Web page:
Finally, although the ADA Professional Product Review1 evaluated DOCs for various composite resin products using both testing methods, there was no mention of the relative merits of the 2 testing methods. It is important to note that the same authors of the report1 presented a paper4 at the 2013 International Association of Dental Re­search meeting earlier this year in Seattle. The final statement in this abstract says, “This study shows some limitations of ISO 4049 for testing the DOC in relation to the more important hardness ratio for bulk fill composite materials.”
I have written this editorial because this is an important distinction and one which, in my opinion, readers of ADA Professional Product Review1 and the shorter JADA2 abstract would benefit by being made aware of.
Bulk fill products have added a new dimension (literally) to the placement of posterior composite restorations, and manufacturers of these products are to be commended for investing in the necessary breakthrough research to develop them. Whereas the ISO standard No. 4049 seemed to serve adequately in the age of limited DOC, it no longer does so with these new composite resins. It is hoped that organized dentistry and especially the ISO will recognize this and make the change to a single and more accurate method for measuring DOC that is necessary to keep up with evolving technology. Dentists need a clinically relevant method to rely on when selecting and using these new products.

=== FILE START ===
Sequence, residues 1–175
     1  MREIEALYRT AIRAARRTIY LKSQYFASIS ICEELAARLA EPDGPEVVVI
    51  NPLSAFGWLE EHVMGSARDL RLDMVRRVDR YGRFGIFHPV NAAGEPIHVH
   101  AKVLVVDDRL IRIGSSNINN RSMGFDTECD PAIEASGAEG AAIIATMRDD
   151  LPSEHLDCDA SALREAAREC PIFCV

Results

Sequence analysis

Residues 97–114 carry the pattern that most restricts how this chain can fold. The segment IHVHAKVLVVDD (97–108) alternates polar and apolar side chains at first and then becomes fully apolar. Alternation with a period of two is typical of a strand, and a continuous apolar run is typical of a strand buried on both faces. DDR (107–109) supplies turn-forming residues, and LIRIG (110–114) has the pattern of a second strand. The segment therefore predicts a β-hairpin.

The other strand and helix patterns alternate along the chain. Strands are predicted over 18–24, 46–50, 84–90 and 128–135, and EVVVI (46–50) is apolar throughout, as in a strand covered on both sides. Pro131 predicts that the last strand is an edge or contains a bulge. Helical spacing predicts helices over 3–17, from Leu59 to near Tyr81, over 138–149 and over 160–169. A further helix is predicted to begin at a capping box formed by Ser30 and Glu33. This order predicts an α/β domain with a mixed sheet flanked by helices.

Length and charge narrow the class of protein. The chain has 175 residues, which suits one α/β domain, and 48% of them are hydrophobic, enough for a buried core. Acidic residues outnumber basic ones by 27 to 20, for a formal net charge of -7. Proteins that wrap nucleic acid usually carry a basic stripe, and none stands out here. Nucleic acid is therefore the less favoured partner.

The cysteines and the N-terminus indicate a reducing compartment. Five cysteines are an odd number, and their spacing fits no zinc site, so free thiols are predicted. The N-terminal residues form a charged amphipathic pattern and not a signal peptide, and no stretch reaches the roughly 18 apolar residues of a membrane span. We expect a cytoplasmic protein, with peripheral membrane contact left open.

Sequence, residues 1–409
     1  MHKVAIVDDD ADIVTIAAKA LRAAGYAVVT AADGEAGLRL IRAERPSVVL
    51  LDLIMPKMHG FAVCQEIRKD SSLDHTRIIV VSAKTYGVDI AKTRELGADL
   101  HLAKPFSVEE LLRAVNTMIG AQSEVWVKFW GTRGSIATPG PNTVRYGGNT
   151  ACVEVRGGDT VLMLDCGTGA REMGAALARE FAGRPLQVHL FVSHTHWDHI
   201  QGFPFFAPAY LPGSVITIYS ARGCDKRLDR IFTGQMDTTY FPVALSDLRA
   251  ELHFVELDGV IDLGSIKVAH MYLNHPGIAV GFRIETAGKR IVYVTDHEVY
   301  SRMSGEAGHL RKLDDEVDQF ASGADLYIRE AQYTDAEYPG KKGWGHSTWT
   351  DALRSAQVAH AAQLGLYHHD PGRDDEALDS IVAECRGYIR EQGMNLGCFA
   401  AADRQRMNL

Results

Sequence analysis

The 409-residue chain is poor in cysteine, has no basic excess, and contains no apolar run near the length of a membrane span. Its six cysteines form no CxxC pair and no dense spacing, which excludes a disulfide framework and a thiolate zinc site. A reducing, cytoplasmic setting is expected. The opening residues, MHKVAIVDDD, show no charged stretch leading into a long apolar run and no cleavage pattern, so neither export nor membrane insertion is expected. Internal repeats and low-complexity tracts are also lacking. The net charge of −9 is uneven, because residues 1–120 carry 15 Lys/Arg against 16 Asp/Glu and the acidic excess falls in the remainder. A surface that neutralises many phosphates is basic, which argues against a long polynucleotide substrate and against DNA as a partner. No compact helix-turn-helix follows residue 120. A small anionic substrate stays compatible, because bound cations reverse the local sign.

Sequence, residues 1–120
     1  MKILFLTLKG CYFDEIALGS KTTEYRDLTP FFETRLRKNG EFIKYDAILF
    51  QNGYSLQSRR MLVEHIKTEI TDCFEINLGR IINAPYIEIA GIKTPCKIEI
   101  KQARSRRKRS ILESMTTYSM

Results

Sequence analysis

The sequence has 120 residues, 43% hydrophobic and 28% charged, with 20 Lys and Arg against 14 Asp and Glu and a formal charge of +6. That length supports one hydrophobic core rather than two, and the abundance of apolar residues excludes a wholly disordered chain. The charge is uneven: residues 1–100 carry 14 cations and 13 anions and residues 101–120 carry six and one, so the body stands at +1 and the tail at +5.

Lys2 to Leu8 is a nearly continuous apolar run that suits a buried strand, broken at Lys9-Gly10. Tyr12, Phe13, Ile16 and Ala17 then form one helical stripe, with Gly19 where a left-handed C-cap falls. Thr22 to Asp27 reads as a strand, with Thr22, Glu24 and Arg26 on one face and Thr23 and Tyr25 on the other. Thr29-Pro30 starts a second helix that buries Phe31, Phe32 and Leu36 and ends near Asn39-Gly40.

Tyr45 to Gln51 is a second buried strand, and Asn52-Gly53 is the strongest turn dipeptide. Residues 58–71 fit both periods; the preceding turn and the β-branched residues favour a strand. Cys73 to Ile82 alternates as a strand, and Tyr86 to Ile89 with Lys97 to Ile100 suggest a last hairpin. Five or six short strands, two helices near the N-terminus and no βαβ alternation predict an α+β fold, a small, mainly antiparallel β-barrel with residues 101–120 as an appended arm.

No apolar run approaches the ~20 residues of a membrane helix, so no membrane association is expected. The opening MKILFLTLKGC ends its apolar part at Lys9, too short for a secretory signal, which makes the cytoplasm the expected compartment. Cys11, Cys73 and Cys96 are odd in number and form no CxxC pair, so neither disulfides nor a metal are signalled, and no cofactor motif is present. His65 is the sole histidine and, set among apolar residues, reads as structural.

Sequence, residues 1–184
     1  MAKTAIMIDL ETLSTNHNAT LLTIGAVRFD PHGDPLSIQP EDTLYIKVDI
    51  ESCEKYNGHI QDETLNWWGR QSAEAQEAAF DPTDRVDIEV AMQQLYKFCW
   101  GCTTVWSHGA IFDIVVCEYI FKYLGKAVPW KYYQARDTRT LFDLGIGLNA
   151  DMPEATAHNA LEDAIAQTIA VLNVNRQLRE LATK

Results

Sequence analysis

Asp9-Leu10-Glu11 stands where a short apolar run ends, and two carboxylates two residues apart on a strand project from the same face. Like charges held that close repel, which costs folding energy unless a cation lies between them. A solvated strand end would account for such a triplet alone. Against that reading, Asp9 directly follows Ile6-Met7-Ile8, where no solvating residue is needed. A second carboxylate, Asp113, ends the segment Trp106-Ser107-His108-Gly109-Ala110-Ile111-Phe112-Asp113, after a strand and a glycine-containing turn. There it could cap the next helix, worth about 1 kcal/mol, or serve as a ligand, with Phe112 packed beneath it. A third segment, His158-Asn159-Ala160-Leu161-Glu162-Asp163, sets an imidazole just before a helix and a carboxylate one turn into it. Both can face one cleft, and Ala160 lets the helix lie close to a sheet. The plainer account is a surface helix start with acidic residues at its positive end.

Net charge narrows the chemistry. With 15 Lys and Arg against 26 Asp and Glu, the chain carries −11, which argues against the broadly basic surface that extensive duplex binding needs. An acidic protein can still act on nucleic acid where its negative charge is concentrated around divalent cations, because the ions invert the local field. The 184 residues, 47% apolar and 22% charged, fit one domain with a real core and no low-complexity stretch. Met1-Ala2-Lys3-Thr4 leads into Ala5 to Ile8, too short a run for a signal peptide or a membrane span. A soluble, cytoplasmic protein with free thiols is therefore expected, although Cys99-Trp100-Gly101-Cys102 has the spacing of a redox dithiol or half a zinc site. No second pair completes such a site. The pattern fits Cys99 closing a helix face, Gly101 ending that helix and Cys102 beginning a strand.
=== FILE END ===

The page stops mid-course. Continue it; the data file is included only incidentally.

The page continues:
1. Tiba A, Zeller GG, Estrich CG, Hong A. A laboratory evaluation of bulk-fill versus traditional multi-increment-fill resin-based composites. ADA Professional Product Review. 2013;8(3):13-17.
  2. Tiba A, Zeller GG, Estrich CG, Hong A. A laboratory evaluation of bulk-fill versus traditional multi-increment-fill resin-based composites [Abstract taken from ADA Professional Product Review. 2013;8(3):13-17]. J Am Dent Assoc. 2013;144(10):1182-1183.
  3. Bouschlicher MR, Rueggeberg FA, Wilson BM. Correlation of bottom-to-top surface microhardness and conversion ratios for a variety of resin composite compositions. Oper Dent. 2004;29(6):698-704.
  4. Tiba A, Zeller GG, Estrich CG, Hong A. Examining the Depth of Cure for Bulk Fill Composite Materials, Abstract No. 2435. Paper presented at: 91st General Session and Exhibition of the International Association of Dental Research; March 22, 2013; Seattle, Wash.

Dr. Jackson is a 1972 graduate of West Virginia University School of Dentistry. He has published many articles on aesthetic adhesive dentistry and lectures across the United States and abroad. He is a Fellow in the AGD, a Fellow in the American Academy of Cosmetic Dentistry, a Diplomate in the American Board of Aesthetic Dentistry, and is director of the Mastering Dynamic Adhesion Program at the Las Vegas Institute for Advanced Dental Studies. He practices in Middleburg, Va, emphasizing comprehensive restorative and cosmetic dentistry. He can be reached at (540) 687-8075 or

Disclosure: Dr. Jackson was a consultant in the development of SonicFill (Kerr) and has a financial interest in the product.